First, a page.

An Egyptian Tale of Irony

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Where I came from,
There weren’t many skilled architects such as I, Rhashin.
There was only one other than myself, to be exact.
His name was Lazuir.
He was an arrogant fellow
with a mellow tone and nothing on his mind but greed.
He would stop at nothing to become recognized by royalty
and to have the people of Egypt bowing down at his feet.
The pharaoh sent his servants all around the land
to gather all the skilled laborers that could help build one of the Great Pyramids of Giza.
We were both selected and began constructing the pyramid the next day.
Our feet sizzled as they landed in the hot, burning sand.
Sweat trickled down our faces and the wind stood still.
Just the week before,
gray clouds somewhat shaded us from the sun’s rays.
But at that very moment,
there were no such clouds in sight
making our golden brown skin want to cry out for rain.
I prayed a good prayer that day
and asked my God, Hathor to put me in good spirits as I worked in the blazing heat.
After an hour,
I established the layout of the first level of the pyramid.
I placed the stone that I had mapped the layout on beside a nearby stool.
Other laborers saw the art that I had created and adored me for my idea.
Out of jealousy,
Lazuir pushed me into his secret chamber that he made for the pharaoh.
While looking for a way out,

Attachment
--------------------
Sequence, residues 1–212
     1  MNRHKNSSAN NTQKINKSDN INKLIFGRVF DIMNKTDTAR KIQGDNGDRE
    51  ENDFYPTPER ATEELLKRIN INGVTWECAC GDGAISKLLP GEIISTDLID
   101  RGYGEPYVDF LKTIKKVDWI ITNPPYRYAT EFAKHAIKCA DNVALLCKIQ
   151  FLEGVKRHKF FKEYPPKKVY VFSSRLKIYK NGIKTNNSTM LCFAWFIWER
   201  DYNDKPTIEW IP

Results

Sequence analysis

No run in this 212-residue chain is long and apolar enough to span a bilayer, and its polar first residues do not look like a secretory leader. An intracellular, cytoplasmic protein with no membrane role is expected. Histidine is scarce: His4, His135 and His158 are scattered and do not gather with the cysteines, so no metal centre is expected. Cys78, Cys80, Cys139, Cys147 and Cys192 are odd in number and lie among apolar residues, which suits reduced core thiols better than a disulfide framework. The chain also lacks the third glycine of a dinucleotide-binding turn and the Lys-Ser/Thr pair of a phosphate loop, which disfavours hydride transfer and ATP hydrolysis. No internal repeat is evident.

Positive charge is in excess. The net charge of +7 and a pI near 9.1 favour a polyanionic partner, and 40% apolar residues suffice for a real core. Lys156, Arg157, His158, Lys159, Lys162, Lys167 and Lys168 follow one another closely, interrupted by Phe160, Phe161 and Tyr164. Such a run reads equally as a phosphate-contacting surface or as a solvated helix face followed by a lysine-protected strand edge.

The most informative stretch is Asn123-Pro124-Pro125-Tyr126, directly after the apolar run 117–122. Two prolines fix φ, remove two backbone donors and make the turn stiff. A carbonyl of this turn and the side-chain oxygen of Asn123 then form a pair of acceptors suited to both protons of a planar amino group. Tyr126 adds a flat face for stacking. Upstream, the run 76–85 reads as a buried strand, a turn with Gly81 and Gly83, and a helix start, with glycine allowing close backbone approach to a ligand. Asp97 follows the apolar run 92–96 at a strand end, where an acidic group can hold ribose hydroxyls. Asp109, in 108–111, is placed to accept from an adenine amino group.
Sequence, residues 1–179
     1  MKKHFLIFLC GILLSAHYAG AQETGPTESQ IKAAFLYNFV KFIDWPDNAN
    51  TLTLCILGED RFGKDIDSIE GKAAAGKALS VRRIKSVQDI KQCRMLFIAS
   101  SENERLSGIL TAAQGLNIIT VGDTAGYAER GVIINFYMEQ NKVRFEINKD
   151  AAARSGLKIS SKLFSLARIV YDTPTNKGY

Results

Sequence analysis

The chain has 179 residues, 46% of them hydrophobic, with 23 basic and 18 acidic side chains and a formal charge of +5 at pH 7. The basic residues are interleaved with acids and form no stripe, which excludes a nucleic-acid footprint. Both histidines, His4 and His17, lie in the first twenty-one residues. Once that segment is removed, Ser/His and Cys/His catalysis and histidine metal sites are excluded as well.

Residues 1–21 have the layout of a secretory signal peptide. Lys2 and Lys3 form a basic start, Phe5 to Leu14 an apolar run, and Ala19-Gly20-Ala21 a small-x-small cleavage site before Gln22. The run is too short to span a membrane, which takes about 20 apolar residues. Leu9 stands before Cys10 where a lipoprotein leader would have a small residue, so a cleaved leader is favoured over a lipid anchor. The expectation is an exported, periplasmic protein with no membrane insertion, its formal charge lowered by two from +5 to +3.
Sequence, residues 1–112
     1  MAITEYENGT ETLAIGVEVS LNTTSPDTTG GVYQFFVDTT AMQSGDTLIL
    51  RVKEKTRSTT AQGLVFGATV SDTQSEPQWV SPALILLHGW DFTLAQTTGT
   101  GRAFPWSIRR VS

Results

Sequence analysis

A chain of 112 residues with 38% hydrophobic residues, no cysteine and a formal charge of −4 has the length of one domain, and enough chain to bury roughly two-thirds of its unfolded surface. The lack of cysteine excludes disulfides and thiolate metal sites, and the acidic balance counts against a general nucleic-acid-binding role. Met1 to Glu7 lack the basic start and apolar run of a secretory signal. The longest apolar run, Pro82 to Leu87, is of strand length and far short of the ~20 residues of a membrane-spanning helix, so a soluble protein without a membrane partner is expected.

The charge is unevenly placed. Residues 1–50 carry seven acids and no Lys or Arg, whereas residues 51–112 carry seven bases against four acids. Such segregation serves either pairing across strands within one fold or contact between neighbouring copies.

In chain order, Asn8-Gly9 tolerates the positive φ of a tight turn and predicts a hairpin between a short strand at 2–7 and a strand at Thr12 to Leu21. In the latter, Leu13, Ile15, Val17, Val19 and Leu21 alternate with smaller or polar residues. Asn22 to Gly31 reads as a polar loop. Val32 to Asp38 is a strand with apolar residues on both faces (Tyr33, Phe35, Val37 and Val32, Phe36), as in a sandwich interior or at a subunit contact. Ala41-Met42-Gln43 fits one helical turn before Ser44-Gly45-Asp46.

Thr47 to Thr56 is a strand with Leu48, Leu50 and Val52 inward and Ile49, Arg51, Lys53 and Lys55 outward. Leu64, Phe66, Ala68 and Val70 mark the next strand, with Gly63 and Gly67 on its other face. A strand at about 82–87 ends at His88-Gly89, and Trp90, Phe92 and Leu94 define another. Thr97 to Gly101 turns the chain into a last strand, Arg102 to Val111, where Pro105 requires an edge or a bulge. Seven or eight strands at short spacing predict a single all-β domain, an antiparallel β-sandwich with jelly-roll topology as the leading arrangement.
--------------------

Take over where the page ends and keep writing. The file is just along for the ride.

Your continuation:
I fell through a trap door.
The walls began to close in on me and eventually I could feel my bones cracking.
As my body was compressing,
my lungs were collapsing,
leaving no room for breathing.
There was absolutely no escape.
As I waited to take my last breath,
I messily carved these last words in the stone walls,
“Lazuir, I did not deserve this. May this unfortunate event happen to you three times as worse. Once you read this, may I rest in peace.
Signed your friend, Rhashin.”
That marked the end of my days.
I was never seen or heard of for months.
After my disappearance, Lazuir gained all the praise for the level of the pyramid that I created.
Years after the construction of the pyramid was completed,
all of the laborers who worked on the building revisited the site.
Lazuir not remembering where he had built the trap door
fell through.
Unfortunately for him,
poisonous snakes and beetles dashed out from the walls pricking his skin.
As the stone began to cave in.
dust filled his lungs
allowing no one to hear him as he screamed.
As he took one last look at the wall,
he read,
“Once you read this, may I rest in peace.
Signed your friend, Rhashin.”
My spirit has told this tale of irony;
A man’s own need for attention, has killed him.





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